Mills MSL, Melo M, Vaz A (2013) The Namba mountains: new hope for Afromontane forest birds in Angola. Bird Conservation International 23: 159-167. doi: 10.1017/S095927091200024X
Mills MSL, Olmos F, Melo M, Dean WRJ (2011) Mount Moco: its importance to the conservation of Swierstra’s Francolin Pternistis swierstrai and the Afromontane avifauna of Angola. Bird Conservation International 21: 119-133 doi: 10.1017/S0959270910000493
Ministry of Environment (2009) Framework report of Angola´s Biodiversity. Republic of Angola, Luanda, 60 pp.
Myers N, Mittermeier RA, Mittermeier CG, da Fonseca GAB, Kent J (2000) Biodiversity Hotspots for Conservation Priorities. Nature 403: 853-858 doi: 10.1038/35002501
Rosa Pinto AA (1983) Ornithologia de Angola. Instituto de Investigação Cientifica Tropical, Lisboa, 696 pp.
Ryan PG, Sinclair I, Cohen C, Mills MSL, Spottiswoode CN, Cassidy R (2004) The conservation status and vocalisations of threatened birds from the scarp forests of the Western Angola Endemic Bird Area. Bird Conservation International 14: 247-260. doi: 10.1017/S0959270904000322
Stattersfield AJ, Crosby MJ, Long AJ, Wege DC (1998) Endemic Bird Areas of the World. BirdLife Conservation Series No. 7. BirdLife International, Cambridge, UK.
Sinclair I, Ryan P (2003) Birds of Africa south of the Sahara, Struik, Cape Town.
2) References used in developing the database
Chapman AD, Wieczorek J (Eds) (2006) Guide to Best Practices for Georeferencing. Global Biodiversity Information Facility, Copenhagen, 90 pp.
Gill F, Donsker D (Eds) (2013) IOC World Bird List (v 3.4). http://www.worldbirdnames.org [accessed September 09, 2013]
Specify Software Project (2013) Biodiversity Institute, University of Kansas, 1345 Jayhawk Blvd. Lawrence, KS USA 66045.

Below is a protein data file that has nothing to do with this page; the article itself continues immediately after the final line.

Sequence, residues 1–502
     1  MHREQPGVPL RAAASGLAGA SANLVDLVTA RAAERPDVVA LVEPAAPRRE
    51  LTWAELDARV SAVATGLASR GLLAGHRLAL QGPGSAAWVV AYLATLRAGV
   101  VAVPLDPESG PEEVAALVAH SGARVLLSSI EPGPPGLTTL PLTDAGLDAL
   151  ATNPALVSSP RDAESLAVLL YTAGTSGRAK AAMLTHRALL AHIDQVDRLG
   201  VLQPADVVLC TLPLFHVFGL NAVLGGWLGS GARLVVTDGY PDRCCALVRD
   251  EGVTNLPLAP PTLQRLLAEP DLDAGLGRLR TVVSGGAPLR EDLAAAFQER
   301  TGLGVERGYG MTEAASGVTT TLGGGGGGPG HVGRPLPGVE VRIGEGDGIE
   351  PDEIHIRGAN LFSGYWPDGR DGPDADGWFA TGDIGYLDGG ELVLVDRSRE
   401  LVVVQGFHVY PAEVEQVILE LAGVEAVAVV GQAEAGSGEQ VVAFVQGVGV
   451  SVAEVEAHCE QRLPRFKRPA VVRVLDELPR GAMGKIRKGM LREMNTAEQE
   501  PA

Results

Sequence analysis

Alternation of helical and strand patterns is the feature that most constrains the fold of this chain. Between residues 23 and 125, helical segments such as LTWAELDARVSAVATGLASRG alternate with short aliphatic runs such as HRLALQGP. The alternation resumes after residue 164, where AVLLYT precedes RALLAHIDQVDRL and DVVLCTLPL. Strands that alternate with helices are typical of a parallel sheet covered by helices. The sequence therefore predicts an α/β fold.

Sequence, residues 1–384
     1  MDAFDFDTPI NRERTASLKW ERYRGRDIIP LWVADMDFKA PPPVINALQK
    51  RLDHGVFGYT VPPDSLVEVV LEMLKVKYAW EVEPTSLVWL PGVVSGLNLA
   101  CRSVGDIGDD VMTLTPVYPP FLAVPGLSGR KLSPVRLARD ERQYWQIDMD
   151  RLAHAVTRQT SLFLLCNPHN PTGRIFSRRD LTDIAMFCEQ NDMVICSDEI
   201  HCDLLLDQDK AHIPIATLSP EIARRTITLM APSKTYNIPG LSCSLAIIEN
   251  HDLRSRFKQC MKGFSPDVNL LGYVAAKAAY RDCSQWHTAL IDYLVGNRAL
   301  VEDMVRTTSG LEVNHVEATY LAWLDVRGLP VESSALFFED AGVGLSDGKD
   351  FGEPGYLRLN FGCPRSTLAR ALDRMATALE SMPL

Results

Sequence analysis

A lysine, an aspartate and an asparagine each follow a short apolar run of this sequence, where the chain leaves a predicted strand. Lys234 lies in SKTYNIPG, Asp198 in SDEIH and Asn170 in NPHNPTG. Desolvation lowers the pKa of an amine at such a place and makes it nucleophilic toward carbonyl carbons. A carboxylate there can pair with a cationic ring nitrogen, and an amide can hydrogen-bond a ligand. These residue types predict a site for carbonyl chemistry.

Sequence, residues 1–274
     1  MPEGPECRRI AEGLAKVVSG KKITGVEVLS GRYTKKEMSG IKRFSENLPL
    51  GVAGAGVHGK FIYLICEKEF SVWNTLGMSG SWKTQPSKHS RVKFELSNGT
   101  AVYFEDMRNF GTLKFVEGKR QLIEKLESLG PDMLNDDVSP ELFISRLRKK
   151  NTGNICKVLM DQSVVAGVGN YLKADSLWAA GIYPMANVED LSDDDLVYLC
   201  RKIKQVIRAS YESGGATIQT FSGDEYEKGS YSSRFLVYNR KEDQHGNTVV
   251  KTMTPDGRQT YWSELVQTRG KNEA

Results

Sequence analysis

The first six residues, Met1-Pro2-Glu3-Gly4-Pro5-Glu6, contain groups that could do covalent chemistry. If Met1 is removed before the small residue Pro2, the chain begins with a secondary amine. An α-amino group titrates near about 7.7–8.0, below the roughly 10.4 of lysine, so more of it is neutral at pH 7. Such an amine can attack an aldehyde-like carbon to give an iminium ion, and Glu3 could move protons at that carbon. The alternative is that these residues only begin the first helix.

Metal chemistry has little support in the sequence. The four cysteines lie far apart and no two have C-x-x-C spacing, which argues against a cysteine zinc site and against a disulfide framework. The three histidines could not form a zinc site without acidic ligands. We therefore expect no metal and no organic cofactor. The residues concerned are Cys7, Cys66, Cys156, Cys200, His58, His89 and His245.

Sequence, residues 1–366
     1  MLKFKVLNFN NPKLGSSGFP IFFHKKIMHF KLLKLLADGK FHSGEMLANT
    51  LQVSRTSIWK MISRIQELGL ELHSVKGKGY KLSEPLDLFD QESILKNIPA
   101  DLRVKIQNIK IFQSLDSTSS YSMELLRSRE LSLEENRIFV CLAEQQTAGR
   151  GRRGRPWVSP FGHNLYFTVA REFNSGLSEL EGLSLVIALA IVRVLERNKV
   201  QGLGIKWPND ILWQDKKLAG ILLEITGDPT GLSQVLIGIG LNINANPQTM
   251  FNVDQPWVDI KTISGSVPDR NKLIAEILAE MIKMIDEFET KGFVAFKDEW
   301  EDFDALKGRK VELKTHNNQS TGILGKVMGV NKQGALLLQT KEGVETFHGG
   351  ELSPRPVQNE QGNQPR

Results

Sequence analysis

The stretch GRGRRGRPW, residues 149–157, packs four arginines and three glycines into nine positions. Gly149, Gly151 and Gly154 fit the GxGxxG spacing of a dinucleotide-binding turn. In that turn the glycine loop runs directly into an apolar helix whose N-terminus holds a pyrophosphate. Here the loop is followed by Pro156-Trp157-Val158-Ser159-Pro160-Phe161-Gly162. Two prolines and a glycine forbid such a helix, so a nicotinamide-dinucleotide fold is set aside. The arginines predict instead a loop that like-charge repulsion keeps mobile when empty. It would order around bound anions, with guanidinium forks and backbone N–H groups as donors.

Del-Hoyo J, Elliott A, Sargatal J (1992) Handbook of the Birds of the World, Vol. 1. Ostrich to Ducks. Lynx Editions, Barcelona, 696 pp.
Del-Hoyo J, Elliot A, Sargatal J (1994) Handbook of the birds of the world, Vol. 2. New World vultures to Guineafowl. Linx Editions, Barcelona, 638 pp.
Del-Hoyo J, Elliot A, Sargatal J (1996) Handbook of the Birds of the World. Vol. 3. Hoatzin to Auks. Lynx Editions, Barcelona, 821 pp.
Del-Hoyo J, Elliot A, Sargatal J (1997) Handbook of the birds of the World, Vol. 4. Sangrouse to Cuckoos. Lynx Editions, Barcelona, 679 pp.
Del-Hoyo J, Elliot A, Sargatal J (1999) Handbook of the birds of the world, Vol. 5. Barnowls to Hummingbirds. Lynx Editions, Barcelona, 759 pp.
Del-Hoyo J, Elliot A, Sargatal J (2001) Handbook of the birds of the World, Vol. 6. Mousebirds to Hornbills. Lynx Edicions. Barcelona, 589 pp.
Del-Hoyo J, Elliot A, Sargatal J (2002) Handbook of the birds of the World, Vol. 7. Jacamars to Woodpeckers. Lynx Editions. Barcelona, 613 pp.
Del-Hoyo J, Elliott A, Christie DA (2003) Handbook of the birds of the world, Vol. 8. Broadbills to Tapaculos. Lynx Editions, Barcelona, 845 pp.
Del-Hoyo J, Elliott A, Christie DA (2004) Handbook of the birds of the world, Vol. 9. Cotingas to Pipits and Wagtails. Lynx Editions, Barcelona, 863 pp.
Del-Hoyo J, Elliott A, Christie DA (2005) Handbook of the birds of the world, Vol. 10. Cuckoo-Shrikes to Thrushes. Lynx Editions, Barcelona, 895 pp.
Del-Hoyo J, Elliott A, Christie DA (2006) Handbook of the birds of the world, Vol. 11. Old World Flycatchers to old World Warblers. Lynx Editions, Barcelona, 798 pp.
Del-Hoyo J, Elliott A, Christie DA (2007) Handbook of the birds of the world, Vol. 12. Picathartes to Tits and Chickadees. Lynx Editions, Barcelona, 815 pp.
Del-Hoyo J, Elliott A, Christie DA (2008) Handbook of the birds of the world, Vol. 13: Penduline-Tits to Shrikes. Lynx Editions, Barcelona, 879 pp.
Del-Hoyo J, Elliott A, Christie DA (2009) Handbook of the birds of the world, Vol. 14. Bush-Shrikes to Old World Sparrows. Lynx Editions, Barcelona, 893 pp.
Del-Hoyo J, Elliott A, Christie DA (2010) Handbook of the birds of the world, Vol. 15. Weavers to New World Warblers. Lynx Editions, Barcelona, 879 pp.
Del-Hoyo J, Elliott A, Christie DA (2011) Handbook of the birds of the world, Vol. 16. Tanagers to New World Blackbirds. Lynx Editions, Barcelona, 893 pp.